You’re in the middle of an interview. Everything is going great, and then comes the question you’ve been dreading:
“Could you describe your relationship with your boss?”
That’s easy enough to answer if you’re on good terms with your manager. But what if you work for someone widely known to be the Darth Vader of your industry? Or if the reason you’re on the interview in the first place is that your previous boss fired you.
Should you be candid? The short answer is yes. But situations like these require a delicate balance between telling the truth and presenting yourself in a positive light.
How to Handle Tough Interview Questions
Stay in control of your emotions. Even if you’re talking about a high-profile boss whose bad reputation has made headlines, don’t allude to it. “It shows a lack of emotional intelligence,” says Darlene Price, an Atlanta-based executive coach and author of Well Said!: Presentations and Conversations That Get Results. “It’s showing that you allow anger to control your words and actions, you’re holding a grudge and want to punish that person’s reputation.” If asked about an awful manager, come prepared with a positive, honest comment such as, “I really respect her work ethic and ability to drive results for the company.”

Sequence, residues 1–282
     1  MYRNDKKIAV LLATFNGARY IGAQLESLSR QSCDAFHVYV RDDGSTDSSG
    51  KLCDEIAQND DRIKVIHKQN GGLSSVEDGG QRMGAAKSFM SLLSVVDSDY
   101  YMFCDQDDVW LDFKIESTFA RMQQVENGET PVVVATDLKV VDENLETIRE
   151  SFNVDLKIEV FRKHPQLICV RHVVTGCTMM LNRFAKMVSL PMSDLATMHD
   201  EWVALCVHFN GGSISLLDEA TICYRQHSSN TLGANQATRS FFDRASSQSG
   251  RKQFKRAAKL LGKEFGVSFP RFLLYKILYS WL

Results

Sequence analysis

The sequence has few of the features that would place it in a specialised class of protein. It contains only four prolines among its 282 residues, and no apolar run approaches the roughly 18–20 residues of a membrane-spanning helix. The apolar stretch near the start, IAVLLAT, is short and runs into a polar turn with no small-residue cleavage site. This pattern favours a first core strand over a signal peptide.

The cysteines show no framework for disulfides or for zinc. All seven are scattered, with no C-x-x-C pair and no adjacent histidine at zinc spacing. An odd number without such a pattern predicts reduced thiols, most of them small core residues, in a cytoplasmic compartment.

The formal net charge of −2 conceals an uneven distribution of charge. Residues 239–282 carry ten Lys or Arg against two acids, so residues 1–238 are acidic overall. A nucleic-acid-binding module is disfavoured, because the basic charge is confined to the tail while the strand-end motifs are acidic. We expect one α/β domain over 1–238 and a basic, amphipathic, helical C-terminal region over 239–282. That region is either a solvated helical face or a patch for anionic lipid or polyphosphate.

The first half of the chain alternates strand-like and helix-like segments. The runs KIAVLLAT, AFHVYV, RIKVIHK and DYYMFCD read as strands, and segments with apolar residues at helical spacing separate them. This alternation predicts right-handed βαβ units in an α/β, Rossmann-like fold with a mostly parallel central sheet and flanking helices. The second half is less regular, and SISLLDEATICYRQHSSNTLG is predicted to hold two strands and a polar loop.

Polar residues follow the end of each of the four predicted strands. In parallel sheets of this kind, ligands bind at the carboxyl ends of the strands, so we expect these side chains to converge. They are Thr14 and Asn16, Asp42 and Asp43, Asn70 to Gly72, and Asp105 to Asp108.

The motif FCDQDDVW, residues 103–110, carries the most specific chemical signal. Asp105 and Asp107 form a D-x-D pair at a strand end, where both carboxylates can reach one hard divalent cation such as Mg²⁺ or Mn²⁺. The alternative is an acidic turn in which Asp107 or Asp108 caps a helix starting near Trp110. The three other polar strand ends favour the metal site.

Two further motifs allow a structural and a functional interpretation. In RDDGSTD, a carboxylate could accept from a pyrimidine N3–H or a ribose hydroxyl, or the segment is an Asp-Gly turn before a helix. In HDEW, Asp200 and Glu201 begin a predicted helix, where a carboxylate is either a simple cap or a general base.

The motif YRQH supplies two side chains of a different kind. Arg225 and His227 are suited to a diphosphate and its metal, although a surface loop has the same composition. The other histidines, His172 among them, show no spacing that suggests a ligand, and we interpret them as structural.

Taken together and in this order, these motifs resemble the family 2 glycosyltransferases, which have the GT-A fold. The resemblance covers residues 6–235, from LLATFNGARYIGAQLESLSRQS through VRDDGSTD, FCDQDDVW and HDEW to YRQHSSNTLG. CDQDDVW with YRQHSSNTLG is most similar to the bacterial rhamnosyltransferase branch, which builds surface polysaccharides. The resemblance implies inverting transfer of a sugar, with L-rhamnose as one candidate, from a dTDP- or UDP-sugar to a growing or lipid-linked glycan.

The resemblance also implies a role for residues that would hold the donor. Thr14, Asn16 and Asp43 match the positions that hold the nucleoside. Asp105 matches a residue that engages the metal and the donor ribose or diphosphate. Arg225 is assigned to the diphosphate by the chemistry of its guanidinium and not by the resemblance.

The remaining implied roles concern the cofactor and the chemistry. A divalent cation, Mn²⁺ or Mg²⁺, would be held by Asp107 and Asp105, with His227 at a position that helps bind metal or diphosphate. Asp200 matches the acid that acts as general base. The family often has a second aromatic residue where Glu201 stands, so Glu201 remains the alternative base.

Speak the truth, respectfully. If you were fired, prepare a very brief, factual explanation. You might say, “We didn’t see eye to eye on the project, and wanted to go in two different directions.” Or try, “The reason HR gave me for being fired was X. Of, course, I saw things differently.” Then immediately steer the conversation to a positive contribution you made. For instance, you might say, “Despite that difference of opinion, I was able to save $2 million from the company’s bottom line that year as CFO.” Move the focus of the interview as quickly as possible from anything negative to how you can contribute to a prospective employer.
Rehearse what you’re going to say. With your adrenaline surging during a job interview, it’s easy to start rambling. “If you anticipate questions and have rehearsed responses, you won’t say things you don’t mean to say,” says Price. Job candidates often get thrown by indirect, leading questions. For instance, an interviewer might ask if you keep in touch with your former boss as a veiled way to find out if things ended on the wrong note. It’s fine to simply say, “No, I don’t,” and then steer the conversation to something positive, like your gratitude about something you learned from that boss. Remember, you’re not on trial. You’re just have to persuade an interviewer to give you the job.